Such considerations probably lie behind the words of counsel the Buddha spoke to his son, the young novice Rahula, soon after the boy was ordained. One day the Buddha came to Rahula, pointed to a bowl with a little bit of water in it, and asked: "Rahula, do you see this bit of water left in the bowl?" Rahula answered: "Yes, sir." "So little, Rahula, is the spiritual achievement (samañña, lit. 'recluseship') of one who is not afraid to speak a deliberate lie." Then the Buddha threw the water away, put the bowl down, and said: "Do you see, Rahula, how that water has been discarded? In the same way one who tells a deliberate lie discards whatever spiritual achievement he has made." Again he asked: "Do you see how this bowl is now empty? In the same way one who has no shame in speaking lies is empty of spiritual achievement." Then the Buddha turned the bowl upside down and said: "Do you see, Rahula, how this bowl has been turned upside down? In the same way one who tells a deliberate lie turns his spiritual achievements upside down and becomes incapable of progress." Therefore, the Buddha concluded, one should not speak a deliberate lie even in jest.[22]

It is said that in the course of his long training for enlightenment over many lives, a bodhisatta can break all the moral precepts except the pledge to speak the truth. The reason for this is very profound, and reveals that the commitment to truth has a significance transcending the domain of ethics and even mental purification, taking us to the domains of knowledge and being. Truthful speech provides, in the sphere of interpersonal communication, a parallel to wisdom in the sphere of private understanding. The two are respectively the outward and inward modalities of the same commitment to what is real. Wisdom consists in the realization of truth, and truth (sacca) is not just a verbal proposition but the nature of things as they are. To realize truth our whole being has to be brought into accord with actuality, with things as they are, which requires that in communications with others we respect things as they are by speaking the truth. Truthful speech establishes a correspondence between our own inner being and the real nature of phenomena, allowing wisdom to rise up and fathom their real nature. Thus, much more than an ethical principle, devotion to truthful speech is a matter of taking our stand on reality rather than illusion, on the truth grasped by wisdom rather than the fantasies woven by desire.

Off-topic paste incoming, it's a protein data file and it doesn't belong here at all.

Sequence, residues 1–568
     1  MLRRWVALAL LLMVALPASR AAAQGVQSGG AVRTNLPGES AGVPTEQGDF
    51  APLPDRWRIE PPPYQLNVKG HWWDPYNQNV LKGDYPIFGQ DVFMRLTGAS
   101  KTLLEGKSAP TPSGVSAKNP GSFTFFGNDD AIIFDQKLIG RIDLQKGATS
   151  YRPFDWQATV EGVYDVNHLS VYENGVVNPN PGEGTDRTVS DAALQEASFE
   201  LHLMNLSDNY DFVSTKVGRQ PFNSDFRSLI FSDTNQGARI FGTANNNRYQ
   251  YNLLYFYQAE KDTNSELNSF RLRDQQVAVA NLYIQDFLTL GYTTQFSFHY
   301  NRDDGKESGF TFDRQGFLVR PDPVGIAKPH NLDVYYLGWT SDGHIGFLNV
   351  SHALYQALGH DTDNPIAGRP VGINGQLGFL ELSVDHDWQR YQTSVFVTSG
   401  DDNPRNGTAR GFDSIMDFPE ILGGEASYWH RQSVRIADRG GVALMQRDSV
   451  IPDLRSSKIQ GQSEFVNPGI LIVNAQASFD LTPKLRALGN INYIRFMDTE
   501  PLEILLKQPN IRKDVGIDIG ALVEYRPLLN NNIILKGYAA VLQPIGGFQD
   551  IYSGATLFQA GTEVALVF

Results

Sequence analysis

For our discussion of Wisdom, I recommend that you read the chapters on Right View and Right Intention. Follow the link below.

http://www.accesstoinsight.org/lib/authors/bodhi/waytoend.html

Finally, Rick Potts sent a link to a good article on engaged Buddhism. I have pasted some of Rick's email below with the link to the article.

Please find the attached article about the life and times of Sulak Sivaraks out of the Kyoto Journal. It's lengthy, but I think the first paragraph or two will be enough to give the reader cause to finish the article. He is still a pillar of what engaged  Buddhism is about, and his life story is inspirational.

http://kyotojournal.org/the-journal/heart-work/the-engaged-buddhism-of-sulak-sivaraksa/

Week 3 Audio

posted Mar 25, 2013, 8:19 PM by Common Ground Retreats   [ updated Aug 13, 2013, 11:20 AM by Scott Jensen ]